Amber Rough Mineral Specimen
HISTORY, NAME, LOCALITIES: Amber, pronounced AM-burr, has been known since antiquity. It is a fossilized tree resin with a brownish-yellow color that serves as a gemstone. Amber is collected in Latvia, Lithuania, Poland, Myanmar, Romania, China, and the United States (New Jersey).
MINERALOGY, PROPERTIES, OCCURRENCE: Amber is an oxygenated hydrocarbon of variable composition with an amorphous structure. Technically, it is classified as an organic nonmineral—a natural, organic substance that satisfies neither the definition of a mineral nor that of a mineraloid. It consists roughly of 80 percent carbon, 10 percent oxygen, and 9 percent hydrogen, along with small amounts of other elements such as sulfur and phosphorus. Amber forms when newly exuded, soft, tacky resin loses its volatile terpenes and its less-volatile terpenes slowly polymerize. Amber then forms after burial in an anaerobic environment and subsequent fossilization. Amber has a Mohs hardness of 2.0-2.5 and a specific gravity of about 1.2. It is translucent to transparent, with colors that range mainly from dark brown to pale yellow, but which also occasionally include orange, pink, white, and green.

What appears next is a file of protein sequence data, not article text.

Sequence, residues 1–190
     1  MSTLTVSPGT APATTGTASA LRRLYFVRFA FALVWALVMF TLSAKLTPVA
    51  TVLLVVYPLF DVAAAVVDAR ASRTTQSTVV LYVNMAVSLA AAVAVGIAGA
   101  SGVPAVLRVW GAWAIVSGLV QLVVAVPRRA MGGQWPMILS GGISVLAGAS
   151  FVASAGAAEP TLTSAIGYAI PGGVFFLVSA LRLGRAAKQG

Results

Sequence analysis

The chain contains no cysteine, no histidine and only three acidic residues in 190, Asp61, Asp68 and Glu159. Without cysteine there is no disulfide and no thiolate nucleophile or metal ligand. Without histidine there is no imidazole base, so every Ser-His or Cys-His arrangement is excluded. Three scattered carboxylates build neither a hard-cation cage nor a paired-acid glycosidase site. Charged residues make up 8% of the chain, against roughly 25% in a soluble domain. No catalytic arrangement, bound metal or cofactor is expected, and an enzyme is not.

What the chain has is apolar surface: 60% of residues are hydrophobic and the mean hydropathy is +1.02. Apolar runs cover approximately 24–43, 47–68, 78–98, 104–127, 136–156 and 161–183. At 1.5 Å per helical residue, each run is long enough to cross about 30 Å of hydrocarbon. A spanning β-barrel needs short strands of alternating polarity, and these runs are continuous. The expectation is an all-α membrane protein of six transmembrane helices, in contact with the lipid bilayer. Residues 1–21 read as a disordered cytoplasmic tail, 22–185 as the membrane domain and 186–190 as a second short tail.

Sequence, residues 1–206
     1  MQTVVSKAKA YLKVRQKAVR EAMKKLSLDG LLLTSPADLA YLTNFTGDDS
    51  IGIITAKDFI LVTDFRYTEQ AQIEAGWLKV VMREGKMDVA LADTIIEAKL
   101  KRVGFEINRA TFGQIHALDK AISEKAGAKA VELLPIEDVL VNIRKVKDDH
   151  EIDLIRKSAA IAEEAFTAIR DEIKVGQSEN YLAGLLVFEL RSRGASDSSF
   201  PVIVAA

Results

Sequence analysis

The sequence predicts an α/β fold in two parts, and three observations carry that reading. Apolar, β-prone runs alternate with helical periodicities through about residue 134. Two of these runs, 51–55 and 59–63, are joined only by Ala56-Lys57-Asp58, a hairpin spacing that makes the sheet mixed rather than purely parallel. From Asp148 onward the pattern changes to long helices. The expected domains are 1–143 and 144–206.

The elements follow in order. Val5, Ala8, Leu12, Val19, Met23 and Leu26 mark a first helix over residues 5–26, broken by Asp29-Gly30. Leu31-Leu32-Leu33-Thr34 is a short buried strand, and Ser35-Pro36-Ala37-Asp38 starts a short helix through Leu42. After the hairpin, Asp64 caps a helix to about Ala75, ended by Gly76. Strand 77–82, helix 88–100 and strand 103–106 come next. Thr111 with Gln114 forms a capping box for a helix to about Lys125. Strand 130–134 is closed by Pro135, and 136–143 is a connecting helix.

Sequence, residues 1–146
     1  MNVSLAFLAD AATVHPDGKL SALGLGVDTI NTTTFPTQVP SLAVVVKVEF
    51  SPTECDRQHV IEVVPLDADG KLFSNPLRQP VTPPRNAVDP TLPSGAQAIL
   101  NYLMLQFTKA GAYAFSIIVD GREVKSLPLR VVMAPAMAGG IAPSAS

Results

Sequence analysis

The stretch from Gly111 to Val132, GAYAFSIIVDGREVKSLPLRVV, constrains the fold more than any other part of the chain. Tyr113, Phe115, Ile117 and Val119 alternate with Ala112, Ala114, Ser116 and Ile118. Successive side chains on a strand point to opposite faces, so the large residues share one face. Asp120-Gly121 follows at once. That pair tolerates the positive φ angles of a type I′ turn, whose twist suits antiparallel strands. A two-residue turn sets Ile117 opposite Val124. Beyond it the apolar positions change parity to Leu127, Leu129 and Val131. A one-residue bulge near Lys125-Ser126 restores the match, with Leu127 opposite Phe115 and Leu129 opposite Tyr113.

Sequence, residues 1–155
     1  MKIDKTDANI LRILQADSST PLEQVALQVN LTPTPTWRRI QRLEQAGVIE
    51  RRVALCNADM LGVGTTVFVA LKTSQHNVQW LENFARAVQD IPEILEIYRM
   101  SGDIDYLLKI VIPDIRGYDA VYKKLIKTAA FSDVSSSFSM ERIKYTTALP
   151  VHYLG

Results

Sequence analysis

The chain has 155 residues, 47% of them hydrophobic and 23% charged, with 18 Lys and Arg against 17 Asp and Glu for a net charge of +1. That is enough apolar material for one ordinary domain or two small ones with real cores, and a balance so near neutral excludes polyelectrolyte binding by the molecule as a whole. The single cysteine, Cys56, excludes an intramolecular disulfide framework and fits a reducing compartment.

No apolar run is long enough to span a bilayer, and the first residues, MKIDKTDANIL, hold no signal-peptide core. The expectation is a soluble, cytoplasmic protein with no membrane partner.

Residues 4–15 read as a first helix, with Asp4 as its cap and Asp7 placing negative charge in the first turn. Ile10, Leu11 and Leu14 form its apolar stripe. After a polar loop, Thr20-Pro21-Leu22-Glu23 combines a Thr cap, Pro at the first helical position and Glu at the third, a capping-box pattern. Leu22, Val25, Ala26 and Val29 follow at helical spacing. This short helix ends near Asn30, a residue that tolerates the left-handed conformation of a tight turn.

METAPHYSICAL PROPERTIES, LORE, USES: Amber has served as a gemstone since antiquity. According to metaphysical lore, amber is a healing “stone” that promotes health, balances emotions, releases negative energy, enhances feelings of self-worth, and aids in recalling memories and past-life experiences.
COLLECTORS’ INFORMATION: Amber, arguably the most beautiful of all fossils, is widely collected for its range of colors and transparencies, and for its frequently included insect fossils.